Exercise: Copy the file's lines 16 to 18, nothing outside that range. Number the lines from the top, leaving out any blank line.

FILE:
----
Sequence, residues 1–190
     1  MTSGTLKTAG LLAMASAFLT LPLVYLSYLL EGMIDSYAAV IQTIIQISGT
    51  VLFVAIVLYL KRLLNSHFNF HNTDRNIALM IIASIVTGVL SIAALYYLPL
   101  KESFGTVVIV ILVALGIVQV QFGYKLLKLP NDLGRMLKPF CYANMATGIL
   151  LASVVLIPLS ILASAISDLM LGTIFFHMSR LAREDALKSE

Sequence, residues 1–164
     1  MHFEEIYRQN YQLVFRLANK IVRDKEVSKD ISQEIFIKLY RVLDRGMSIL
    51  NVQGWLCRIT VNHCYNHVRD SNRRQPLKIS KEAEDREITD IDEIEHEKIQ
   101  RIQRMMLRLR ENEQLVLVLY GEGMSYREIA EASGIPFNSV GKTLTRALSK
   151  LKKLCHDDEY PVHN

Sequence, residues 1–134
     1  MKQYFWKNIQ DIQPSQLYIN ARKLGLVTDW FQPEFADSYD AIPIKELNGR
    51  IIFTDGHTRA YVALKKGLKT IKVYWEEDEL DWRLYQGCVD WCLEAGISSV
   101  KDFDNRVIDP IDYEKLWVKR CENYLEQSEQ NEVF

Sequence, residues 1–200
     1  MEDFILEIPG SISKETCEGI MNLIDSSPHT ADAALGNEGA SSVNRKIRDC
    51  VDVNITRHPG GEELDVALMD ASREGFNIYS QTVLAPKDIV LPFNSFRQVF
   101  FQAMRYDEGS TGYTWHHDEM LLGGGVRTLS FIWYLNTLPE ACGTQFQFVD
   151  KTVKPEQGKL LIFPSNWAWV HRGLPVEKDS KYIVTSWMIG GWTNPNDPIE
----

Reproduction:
     1  MEDFILEIPG SISKETCEGI MNLIDSSPHT ADAALGNEGA SSVNRKIRDC
    51  VDVNITRHPG GEELDVALMD ASREGFNIYS QTVLAPKDIV LPFNSFRQVF
   101  FQAMRYDEGS TGYTWHHDEM LLGGGVRTLS FIWYLNTLPE ACGTQFQFVD